Although Down's patients handle some cognitive tasks better than do other mentally handicapped individuals, they, like Alzheimer's victims, have difficulty in abstract thinking, certain types of memory and tasks involving spatial perception. In earlier work Nadel found that rats had difficulty in mazes when electrodes were used to disturb areas of the hippocampus.

Despite this growing knowledge of the aberrant neurology in Alzheimer's and Down's, there are caveats attached to any interpretation. First, as Ball points out, it isn't proved that the observable pathology accounts for the disorders. Nor is it clear that many older Down's patients actually develop the debilitating clinical dementia; it has been difficult to assess demented behavior in mentally handicapped individuals. Estimates of older Down's patients with dementia range from 15 percent to 100 percent, says Wisniewski, who is now working with other scientists to improve the detection of Alzheimer's in Down's patients.

The etiology of Alzheimer's remains equally obscure. Various scientists believe it may be caused by infection from a slow virus, toxic agents, autoimmunity or genetic factors (one study found relatives of Alzheimer's patients more likely to have children with Down's).

But the multidisciplanry assortment of data presented at the symposium piques interest in two treatment-related concepts: "plasticity" and "intervention." In the Dec 6 SCIENCE, Lott and his coworkers conclude, after comparing regenerative responses in Alzheimer's brains and in hippocampus-damaged rats, that "the central nervous system is capable of a plastic response in Alzheimer's disease [through axon budding and increased neurotransmitter receptor distribution]." If such activity were ever harnessed therapeutically, suggest scientists, perhaps the use of trophic factors, brain tissue grafts, cellular adhesion factors and selective elimination of defective neurons could also offer relief from symptoms.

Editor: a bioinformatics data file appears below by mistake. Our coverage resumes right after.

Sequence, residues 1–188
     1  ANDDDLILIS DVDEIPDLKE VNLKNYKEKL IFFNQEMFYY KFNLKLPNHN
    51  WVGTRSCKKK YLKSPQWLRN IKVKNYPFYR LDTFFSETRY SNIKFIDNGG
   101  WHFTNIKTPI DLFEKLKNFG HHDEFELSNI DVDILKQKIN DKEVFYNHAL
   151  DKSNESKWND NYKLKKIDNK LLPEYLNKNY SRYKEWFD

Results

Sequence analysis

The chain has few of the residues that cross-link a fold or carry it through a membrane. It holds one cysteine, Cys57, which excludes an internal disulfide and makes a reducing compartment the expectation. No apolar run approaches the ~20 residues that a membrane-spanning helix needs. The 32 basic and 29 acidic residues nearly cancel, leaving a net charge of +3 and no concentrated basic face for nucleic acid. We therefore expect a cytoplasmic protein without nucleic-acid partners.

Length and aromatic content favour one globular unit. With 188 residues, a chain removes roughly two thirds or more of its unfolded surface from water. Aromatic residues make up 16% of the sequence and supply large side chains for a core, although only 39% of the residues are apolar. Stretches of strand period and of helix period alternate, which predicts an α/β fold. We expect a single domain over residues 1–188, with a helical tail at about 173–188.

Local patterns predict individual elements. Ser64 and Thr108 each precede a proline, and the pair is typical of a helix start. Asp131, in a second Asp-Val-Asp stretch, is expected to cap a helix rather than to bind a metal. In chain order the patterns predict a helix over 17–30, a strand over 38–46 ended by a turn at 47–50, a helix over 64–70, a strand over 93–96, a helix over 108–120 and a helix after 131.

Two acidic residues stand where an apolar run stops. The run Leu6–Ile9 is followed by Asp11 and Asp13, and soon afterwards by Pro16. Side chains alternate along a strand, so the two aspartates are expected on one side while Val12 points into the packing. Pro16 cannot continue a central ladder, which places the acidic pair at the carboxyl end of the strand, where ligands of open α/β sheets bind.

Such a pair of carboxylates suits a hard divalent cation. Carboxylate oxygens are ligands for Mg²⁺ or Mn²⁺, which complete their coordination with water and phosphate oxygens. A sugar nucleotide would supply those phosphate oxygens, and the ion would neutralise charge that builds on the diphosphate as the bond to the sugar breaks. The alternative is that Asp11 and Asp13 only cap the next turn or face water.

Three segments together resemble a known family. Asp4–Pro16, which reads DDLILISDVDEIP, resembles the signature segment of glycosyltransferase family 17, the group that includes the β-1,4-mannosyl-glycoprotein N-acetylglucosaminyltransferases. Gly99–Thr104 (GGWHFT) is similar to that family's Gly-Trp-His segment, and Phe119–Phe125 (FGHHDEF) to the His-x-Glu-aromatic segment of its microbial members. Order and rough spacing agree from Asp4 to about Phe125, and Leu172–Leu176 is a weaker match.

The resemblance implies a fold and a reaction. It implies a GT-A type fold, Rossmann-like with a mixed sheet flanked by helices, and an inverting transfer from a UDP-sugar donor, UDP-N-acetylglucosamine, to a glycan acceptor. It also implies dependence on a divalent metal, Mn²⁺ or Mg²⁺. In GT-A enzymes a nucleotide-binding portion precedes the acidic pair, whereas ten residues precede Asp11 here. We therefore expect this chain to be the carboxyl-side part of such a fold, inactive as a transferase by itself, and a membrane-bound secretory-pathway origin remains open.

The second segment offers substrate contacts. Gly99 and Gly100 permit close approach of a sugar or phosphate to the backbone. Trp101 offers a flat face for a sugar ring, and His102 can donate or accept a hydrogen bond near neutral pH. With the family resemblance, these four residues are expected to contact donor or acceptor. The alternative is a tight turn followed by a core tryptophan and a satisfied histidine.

Even more compelling to Nadel, Lott and others is the potential for intervention in Down's syndrome. "The decline in IQ [seen in Down's patients between 15 and 41 years of age] is not necessarily inevitable," says Lott. "When it occurs, it may in fact be due to a pathological abnormality such as Alzheimer's." The same research findings that may give hope in Alzheimer's, he says, could lead to less retardation in Down's patients, who "lack functional plasticity" in their response to a changing environment. Creating a stimulating environment is essential, according to Lott, who is currently

studying stimulated and nonstimulated Down's patients. "The implication for infant stimulation is enormous," he says. "We now see [after an eight-year study] that stimulated patients are less severely retarded." Controls in his study were Down's patients raised at home with regular care but without any special efforts to stimulate them.

Emerging evidence suggests that such stimulation should begin at birth. Although controversial, interpretation of data from several research groups could mean that the brain's "wiring" is improved in stimulated Down's patients through increased cortical thickness and synaptic density.

Whatever the final conclusions made regarding Alzheimer's and Down's, their shared pathology should make fitting all the pieces together less puzzling.
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Author:Edwards, Diane D.
Publication:Science News
Date:Jan 25, 1986